The Guide Dogs for the Blind Association is the UK's largest single provider of mobility and other rehabilitation training for blind and partially sighted people. Each year, it helps thousands of visually impaired clients to negotiate public transport, either with a guide dog or a long cane. Guide Dogs' vision is for a world in which all people who are blind and partially sighted enjoy the same rights, opportunities and responsibilities as everyone else. Number of individual members: 971 Number of staff: approx 1,000
The Guide Dogs for the Blind Association (Guide Dogs) is actively involved in the shared space campaign to promote solutions. It works through a partnership approach with other national and regional NGOs and community groups all actively involved.
The shared space concept, often delivered by means of a shared surface street design, aims to create attractive shared 'social' areas and to reduce the dominance of vehicles to make streets more 'people-friendly'. In shared surface streets, design of the road and its surroundings are altered to cause changes in the behaviour of drivers, encouraging them to be extra cautious as they negotiate the new road layout.
Research shows that vulnerable groups are more at risk in those towns and cities where a shared surface street design has been introduced. Pedestrians, motorists and cyclists need to make eye contact to establish who has priority. However, this puts blind and partially sighted people at a serious disadvantage. Blind and partially sighted people, particularly guide dog owners and long cane users, are trained to use the kerb as a key navigation cue in the street environment. Its removal, without a proven effective, alternative feature, exposes blind and partially sighted people to greater risk, undermines their confidence and so creates a barrier to their independent mobility.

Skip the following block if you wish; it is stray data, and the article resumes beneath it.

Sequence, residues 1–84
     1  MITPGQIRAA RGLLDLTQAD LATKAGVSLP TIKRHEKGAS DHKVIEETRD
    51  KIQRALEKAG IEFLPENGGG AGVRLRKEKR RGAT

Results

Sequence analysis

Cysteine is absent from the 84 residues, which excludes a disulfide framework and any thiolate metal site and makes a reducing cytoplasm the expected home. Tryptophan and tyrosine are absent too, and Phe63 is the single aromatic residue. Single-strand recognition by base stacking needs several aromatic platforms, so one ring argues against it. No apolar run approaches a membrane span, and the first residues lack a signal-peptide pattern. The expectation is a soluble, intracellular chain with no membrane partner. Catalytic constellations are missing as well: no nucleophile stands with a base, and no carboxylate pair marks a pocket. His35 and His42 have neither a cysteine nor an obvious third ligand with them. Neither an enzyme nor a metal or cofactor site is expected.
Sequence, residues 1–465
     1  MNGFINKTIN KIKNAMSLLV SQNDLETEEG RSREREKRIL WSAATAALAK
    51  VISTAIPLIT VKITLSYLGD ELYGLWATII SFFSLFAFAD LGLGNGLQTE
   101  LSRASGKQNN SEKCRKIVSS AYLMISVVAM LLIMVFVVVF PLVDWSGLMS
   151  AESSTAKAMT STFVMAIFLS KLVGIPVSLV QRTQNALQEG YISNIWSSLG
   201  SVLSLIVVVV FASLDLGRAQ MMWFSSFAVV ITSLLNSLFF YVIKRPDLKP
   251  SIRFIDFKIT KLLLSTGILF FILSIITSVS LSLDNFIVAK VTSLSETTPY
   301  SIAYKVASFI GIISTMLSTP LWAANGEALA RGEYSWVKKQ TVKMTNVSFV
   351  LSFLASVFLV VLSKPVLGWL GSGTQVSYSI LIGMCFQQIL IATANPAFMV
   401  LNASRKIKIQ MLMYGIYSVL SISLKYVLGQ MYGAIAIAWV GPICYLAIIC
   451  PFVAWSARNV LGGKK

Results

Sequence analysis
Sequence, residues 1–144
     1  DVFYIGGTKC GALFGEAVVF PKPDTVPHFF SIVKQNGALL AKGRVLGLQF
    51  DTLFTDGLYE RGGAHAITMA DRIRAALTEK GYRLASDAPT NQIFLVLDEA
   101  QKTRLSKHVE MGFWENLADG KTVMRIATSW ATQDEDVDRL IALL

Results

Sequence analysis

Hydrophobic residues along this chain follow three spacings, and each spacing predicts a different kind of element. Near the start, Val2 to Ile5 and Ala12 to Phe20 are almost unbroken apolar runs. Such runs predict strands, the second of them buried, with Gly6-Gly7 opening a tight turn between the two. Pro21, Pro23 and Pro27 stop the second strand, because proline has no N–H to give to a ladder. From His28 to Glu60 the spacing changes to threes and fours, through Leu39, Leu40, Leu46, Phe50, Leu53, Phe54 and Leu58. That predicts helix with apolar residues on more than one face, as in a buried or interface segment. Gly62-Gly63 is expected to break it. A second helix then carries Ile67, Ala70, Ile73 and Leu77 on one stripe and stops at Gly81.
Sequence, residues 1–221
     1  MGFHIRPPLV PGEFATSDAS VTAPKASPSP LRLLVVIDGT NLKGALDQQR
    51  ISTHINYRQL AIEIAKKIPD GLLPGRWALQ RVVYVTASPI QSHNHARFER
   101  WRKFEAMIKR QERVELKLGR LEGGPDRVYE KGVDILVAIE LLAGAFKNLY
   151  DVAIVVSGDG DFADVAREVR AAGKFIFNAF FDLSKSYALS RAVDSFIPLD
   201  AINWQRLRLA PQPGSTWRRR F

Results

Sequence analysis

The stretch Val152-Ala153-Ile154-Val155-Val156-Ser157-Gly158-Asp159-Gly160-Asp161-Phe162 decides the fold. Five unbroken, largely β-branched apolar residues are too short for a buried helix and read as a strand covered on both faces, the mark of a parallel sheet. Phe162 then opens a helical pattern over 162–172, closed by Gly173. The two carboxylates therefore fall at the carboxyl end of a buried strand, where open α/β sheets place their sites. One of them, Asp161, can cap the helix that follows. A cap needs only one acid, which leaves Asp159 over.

Guide Dogs commitment to the European Road Safety Charter focuses on dialogue and information for the community to undertake road safety actions by:
- Disseminating research regarding shared space objectives, findings and proposals for safer streets, particularly focusing on infrastructure, and those risks specifically posed to blind, partially sighted and disabled pedestrians through the design layout of town centres; and
- Using a range of tools to highlight the issues, including: letters and a 'campaign in box' for relevant groups; face-to-face meetings; receptions; and dialogue at political conferences at the national, local and European level.
The process has been planned through a partnership approach with 20 other organisations, committed to a joint statement, with a Board governing the decisions being taken and with a campaign team, delivering and making activity happen on the ground.